And so when my players run into kobolds, they have a tendency to stop, and worry, and make an effort to carefully plan what approach they should take in dealing with them depending on their circumstances at the time. All they really know is that kobolds can be exceedingly crafty, sometimes helpful, sometimes lethal, and are indeed Other World creatures.

And that limited knowledge is as it should be, in my opinion. They are, traditionally speaking, Other World creatures and they are therefore inherently mysterious and ought to instill a sense of wonder and awe, and even fear, in those who encounter them.  I try my best to GM them that way.

So I'm not saying that other world creatures shouldn't have well defined Stats. Far from it.  But once the players know their Stats ... the mystery of such creatures necessarily evaporates, and that sense of wonder and awe that might have been becomes nigh on impossible.  So my point is that it is the fact of the publication of the Stats that is the problem I'm contending with, rather than the existence of the Stats themselves.  If the GM can hold those Stats close to the chest, then all is well and good so far as the potential for Immersion is concerned.

Which isn't to say that players can't have fun, in the "Gamist" sense, dealing with creatures of which they know all the Stat details. Yes, there will still be danger to that player character who is down to 1 Hit Point and facing off against a well known Kobold of D&D. And yes, that can definitely be fun and exciting and the sense of danger quite real for the player since a bad die roll in that situation can kill off the character. I'm not denying that.

What I am denying is that under those circumstances the player will have much chance of having any sense of the original mystery and awe that embodies the essence of Kobolds as known by our ancestors (ie - what it actually is that makes those original creatures more interesting than their D&D versions), and as a result they are likely deprived of the essential element that makes for an immersive game so far as I'm concerned. To get immersion requires that the players not know / focus on the Stats and such, and instead are allowed to focus on what is actually happening in the game world. Which is to say the words and deeds of the creatures, rather than their Stats, spell lists, weapons damage, etc.

I have solved that problem for game by not using the standard D&D books for my world. Instead, I grown my own, and I don't provide those details to my players. And that goes a very long way towards maintaining the necessary atmosphere of mystery that allows for Immersion.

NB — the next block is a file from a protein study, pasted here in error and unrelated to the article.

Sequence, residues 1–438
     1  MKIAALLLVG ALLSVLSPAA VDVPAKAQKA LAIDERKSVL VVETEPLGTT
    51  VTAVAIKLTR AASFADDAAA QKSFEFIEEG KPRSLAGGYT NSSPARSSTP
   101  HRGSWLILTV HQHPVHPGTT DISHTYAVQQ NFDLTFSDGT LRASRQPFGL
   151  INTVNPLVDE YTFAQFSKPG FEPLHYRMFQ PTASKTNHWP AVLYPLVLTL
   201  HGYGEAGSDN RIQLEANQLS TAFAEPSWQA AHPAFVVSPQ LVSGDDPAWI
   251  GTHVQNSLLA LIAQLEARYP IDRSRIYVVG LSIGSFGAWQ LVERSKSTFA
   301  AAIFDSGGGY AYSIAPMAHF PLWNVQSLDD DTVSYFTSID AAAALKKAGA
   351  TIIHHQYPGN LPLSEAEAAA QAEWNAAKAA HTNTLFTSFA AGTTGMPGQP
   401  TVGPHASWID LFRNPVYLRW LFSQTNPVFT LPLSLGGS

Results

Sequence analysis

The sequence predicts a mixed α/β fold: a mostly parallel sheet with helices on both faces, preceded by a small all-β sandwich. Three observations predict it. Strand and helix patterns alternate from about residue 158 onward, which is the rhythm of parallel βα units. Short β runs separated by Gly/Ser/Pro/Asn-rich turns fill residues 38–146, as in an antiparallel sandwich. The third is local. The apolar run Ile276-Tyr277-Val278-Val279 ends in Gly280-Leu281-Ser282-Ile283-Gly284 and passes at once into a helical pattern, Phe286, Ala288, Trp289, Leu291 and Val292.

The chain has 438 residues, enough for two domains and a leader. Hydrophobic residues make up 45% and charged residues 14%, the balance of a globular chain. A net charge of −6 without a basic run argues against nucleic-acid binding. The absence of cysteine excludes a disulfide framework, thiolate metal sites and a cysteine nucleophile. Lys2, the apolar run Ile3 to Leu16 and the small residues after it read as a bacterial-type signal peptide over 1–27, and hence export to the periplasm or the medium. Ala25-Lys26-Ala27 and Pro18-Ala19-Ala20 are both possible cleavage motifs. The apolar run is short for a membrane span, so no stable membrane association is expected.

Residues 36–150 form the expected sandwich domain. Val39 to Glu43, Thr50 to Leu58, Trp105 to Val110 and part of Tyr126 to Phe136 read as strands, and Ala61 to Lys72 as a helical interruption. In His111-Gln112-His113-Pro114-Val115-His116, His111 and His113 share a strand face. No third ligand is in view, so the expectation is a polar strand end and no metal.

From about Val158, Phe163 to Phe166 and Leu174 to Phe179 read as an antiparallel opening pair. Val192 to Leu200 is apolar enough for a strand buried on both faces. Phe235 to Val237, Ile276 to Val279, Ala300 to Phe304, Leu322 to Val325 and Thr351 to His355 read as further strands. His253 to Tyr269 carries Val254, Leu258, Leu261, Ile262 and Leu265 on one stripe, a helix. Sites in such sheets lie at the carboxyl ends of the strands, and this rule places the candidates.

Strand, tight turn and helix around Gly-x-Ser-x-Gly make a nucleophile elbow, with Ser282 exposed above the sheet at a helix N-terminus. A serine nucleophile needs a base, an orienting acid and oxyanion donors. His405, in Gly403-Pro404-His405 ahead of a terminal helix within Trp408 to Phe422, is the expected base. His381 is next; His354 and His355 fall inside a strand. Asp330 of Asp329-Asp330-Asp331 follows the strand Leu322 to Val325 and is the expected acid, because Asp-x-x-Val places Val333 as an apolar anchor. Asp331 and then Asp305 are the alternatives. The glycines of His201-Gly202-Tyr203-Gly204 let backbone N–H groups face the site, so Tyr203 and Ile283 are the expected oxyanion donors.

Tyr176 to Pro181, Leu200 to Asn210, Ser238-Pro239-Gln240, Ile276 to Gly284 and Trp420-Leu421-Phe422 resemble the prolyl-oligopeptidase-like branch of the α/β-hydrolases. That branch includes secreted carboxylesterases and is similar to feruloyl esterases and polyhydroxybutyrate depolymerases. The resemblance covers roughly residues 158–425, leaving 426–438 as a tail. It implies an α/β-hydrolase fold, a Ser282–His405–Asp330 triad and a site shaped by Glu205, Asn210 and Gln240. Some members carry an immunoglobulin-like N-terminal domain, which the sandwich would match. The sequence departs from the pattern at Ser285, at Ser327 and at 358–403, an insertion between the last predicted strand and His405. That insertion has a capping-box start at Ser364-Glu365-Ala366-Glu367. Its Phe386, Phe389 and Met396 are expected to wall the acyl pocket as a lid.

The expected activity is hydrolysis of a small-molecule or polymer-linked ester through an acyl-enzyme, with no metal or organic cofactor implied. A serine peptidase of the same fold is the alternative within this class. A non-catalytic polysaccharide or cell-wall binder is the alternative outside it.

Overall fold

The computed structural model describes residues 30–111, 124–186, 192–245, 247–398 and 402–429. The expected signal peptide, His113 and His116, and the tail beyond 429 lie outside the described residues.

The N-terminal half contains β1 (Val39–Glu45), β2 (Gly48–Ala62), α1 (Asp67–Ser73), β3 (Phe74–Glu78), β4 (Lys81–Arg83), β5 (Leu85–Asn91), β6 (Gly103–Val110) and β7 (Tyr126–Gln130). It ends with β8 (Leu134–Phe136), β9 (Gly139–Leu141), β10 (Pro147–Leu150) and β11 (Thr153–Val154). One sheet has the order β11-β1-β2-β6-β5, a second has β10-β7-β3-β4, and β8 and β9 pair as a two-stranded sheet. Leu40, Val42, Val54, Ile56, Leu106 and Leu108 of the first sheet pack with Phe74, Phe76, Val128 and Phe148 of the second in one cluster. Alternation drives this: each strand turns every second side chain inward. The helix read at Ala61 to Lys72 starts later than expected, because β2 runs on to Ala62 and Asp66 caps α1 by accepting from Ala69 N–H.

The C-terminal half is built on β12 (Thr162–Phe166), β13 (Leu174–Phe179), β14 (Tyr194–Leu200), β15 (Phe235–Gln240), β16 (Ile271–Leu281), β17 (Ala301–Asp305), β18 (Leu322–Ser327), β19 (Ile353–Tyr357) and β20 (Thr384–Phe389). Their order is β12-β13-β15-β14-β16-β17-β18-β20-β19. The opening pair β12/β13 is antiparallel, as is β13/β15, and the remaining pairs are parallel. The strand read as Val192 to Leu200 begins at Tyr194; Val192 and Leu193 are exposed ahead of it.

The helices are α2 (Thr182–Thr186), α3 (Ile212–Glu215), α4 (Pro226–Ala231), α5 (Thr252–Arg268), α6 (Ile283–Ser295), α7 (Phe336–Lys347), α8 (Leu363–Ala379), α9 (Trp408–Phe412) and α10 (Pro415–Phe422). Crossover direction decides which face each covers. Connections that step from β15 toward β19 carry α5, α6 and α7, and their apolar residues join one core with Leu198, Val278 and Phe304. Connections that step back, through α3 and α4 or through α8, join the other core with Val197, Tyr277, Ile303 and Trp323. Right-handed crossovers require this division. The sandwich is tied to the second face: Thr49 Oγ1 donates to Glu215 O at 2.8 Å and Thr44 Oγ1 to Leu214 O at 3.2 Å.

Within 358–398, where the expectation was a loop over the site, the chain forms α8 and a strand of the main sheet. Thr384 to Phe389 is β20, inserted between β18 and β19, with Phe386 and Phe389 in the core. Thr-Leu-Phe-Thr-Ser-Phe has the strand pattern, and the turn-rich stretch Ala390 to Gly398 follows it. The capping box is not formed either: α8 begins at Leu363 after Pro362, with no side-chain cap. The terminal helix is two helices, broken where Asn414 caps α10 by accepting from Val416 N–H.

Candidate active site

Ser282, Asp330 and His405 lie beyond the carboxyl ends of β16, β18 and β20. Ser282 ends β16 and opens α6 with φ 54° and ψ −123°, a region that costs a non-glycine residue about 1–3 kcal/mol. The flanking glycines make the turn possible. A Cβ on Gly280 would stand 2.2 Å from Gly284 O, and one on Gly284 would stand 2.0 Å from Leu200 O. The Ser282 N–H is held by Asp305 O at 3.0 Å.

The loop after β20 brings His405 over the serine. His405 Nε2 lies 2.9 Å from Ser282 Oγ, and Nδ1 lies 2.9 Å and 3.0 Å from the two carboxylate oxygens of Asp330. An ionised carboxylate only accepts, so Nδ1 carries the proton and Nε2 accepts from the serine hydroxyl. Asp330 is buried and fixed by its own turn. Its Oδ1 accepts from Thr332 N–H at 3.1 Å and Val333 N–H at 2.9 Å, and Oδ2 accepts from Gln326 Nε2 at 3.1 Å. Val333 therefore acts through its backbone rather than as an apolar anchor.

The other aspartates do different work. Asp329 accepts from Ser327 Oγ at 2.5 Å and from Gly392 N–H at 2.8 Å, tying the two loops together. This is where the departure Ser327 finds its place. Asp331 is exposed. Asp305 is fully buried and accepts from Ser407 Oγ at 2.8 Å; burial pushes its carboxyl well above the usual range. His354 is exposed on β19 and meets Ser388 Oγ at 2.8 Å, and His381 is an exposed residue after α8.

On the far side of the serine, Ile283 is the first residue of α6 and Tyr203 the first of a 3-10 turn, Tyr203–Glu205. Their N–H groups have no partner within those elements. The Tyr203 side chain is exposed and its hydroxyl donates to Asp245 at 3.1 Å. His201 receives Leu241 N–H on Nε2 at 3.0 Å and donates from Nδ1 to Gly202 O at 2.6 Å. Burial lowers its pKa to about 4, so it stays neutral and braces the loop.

I understand that publishers of Monster Manuals and such will probably find my point on this topic antithetical to their purposes and probably a bit irksome. After all, on behalf of Immersive Play I'm kind of bashing their industry. Sorry, sorry. I don't mean to rain on anyone's parade.

But still, I think my point is nevertheless valid, and I'll even go further and add to it that from my point of view a lot of what was published in the past 30 years of RPGing has been to the detriment of Immersive Play in most cases, and has lead to a predominance of focus on the Gamist side of the thing. To me, that's been an endless nuisance because as a result most players now expect that they should be privy to the Stats of every creature in their GM's World. A number of players who have come to my game in recent years have had to ween themselves off of such expectations, and it's been a bit jarring at times along the way.  Those that managed it, however, are now happily immersed in Elthos... most currently in the dreadful glooms of the township of Whitewode.


* Note: this is a big assumption on my part, and based on David's OP, and not confirmed by further research on my part. I could be entirely wrong in David's case, however that doesn't actually matter to the points I'm making because these points apply generally to all published rules and settings books in the world of RPGs. I'm pointing to a general problem, and giving some information as to what my long standing solution for it has been.